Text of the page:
We have something of a bridal theme going on here at the Ballroom Blog at the moment, with two real sets of nuptials and a whole host of fictional ones coming up. (Is it just me, or do you imagine that Lady B has a whole cabinet full of truly alarming hats to wear to said weddings?)
In preparation for my upcoming nuptials, the mother of a good friend of mine has been sending me daily pictures of wedding cakes. These range from the glorious…
… to the truly insane:
My friend’s mother titled that last one: “When the Groom Has Input”.
Be grateful: I spared you the Satanic Hell-Mouth Halloween cake. (I kid you not.)
Naturally, all of this got me wondering about Wedding Cakes Past.
My friend’s mother informed me that the tradition of the wedding cake dates back to Ancient Rome, when thin wheat cakes were crumpled over the bride’s head to ensure fertility. (I have already told my fiancé that there is zero way he is mashing cake onto my head, fertility or no fertility. Buttercream is sticky.) According to various, probably unreliable internet sources, this cake ritual came along with the Roman legions to England, where the tradition developed of baking numerous small cakes for a wedding party, possibly piling them up and making the bride and groom attempt to kiss over them.
Is it just me, or has anyone noticed how many wedding traditions seem to tend towards making the bride and groom kiss in public? Rather like our modern tradition of clinking glasses to make the bride and groom smooch. You can just see ye olde groomsman elbowing his buddies and saying, “Hey! I’ve got an idea. Let’s make this pile of cake and then dare Aethelbert to kiss Hedwiga without knocking them all over! Betcha he can’t do it!” “Ha! If you think that, you don’t know olde Aethelbert. Betcha three goats that he can!” “I’ll take your goats and raise you a sheep.” “You’re on!” They were probably also drinking a little bit of ye olde malt brew at the time.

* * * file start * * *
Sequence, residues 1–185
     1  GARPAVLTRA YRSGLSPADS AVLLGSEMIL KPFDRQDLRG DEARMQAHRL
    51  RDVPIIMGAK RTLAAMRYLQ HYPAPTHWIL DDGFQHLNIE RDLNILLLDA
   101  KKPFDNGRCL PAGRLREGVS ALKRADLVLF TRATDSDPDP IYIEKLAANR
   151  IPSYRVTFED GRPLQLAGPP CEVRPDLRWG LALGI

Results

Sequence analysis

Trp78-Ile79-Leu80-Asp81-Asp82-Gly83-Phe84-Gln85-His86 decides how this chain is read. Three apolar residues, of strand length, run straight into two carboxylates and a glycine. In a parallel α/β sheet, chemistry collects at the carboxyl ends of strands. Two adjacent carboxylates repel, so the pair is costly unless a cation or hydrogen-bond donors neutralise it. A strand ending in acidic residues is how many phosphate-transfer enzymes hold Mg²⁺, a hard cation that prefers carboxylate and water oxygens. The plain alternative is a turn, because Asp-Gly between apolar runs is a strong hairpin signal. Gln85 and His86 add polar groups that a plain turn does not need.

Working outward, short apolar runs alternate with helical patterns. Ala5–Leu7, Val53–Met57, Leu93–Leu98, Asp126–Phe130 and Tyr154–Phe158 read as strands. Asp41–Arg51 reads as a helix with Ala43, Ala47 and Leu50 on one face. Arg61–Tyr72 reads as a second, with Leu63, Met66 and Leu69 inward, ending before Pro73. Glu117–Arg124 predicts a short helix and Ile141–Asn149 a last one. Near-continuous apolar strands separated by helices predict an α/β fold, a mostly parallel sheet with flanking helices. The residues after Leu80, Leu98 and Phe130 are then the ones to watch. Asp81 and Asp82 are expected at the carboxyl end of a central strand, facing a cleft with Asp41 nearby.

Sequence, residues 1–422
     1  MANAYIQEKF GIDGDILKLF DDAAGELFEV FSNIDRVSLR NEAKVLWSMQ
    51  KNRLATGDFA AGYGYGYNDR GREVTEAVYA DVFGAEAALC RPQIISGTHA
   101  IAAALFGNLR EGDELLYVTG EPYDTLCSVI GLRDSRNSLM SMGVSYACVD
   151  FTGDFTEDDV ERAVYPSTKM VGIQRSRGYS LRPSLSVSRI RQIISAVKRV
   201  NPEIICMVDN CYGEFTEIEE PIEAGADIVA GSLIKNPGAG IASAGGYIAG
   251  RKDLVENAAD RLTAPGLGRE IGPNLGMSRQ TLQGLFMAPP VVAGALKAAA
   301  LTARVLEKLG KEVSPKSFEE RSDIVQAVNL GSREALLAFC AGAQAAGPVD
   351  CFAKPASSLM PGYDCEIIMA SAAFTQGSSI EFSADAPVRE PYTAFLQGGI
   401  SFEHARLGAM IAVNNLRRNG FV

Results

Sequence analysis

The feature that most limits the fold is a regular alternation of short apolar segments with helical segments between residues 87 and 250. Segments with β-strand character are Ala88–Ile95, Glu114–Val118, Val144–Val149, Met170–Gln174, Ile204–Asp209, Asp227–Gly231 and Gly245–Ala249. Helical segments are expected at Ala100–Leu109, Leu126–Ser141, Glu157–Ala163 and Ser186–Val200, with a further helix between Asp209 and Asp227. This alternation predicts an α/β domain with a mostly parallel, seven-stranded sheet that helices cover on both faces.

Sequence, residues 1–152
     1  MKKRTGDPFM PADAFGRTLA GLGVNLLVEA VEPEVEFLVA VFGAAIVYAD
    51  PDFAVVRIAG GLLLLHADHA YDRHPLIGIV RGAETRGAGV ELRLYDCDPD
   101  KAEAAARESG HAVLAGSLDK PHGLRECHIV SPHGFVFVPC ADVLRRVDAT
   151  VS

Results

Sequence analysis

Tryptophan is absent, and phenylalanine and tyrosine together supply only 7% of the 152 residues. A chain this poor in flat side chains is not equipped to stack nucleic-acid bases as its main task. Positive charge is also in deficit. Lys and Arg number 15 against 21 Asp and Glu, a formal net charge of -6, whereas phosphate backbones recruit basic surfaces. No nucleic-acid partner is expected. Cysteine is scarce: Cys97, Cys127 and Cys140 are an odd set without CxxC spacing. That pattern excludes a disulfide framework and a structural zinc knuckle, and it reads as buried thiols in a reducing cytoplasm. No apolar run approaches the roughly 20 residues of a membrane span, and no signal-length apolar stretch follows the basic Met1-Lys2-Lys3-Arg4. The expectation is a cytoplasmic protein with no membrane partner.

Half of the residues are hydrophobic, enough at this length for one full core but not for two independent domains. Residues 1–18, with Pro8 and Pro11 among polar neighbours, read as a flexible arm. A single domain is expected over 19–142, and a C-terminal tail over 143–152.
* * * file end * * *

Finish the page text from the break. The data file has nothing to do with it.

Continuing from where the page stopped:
But I digress.
Wouldn’t you know it was (reputedly) those decadent French who first thought of icing those little cakes? While the French were playing with icing, back in England, the seventeenth and eighteenth century saw the bridal pie. Because, really, what doesn’t say romance like pie? A ring would be baked into the pie and she who found the ring would be, supposedly, the next to marry. Either that, or just lose a tooth from biting a ring baked into a pie.
That brings us to our era. (And by our, I mean the Ballroom.) Were there wedding cakes in the Regency? Absolutely. We have no less an authority than Austen on it. The following passage comes from the beginning of Emma: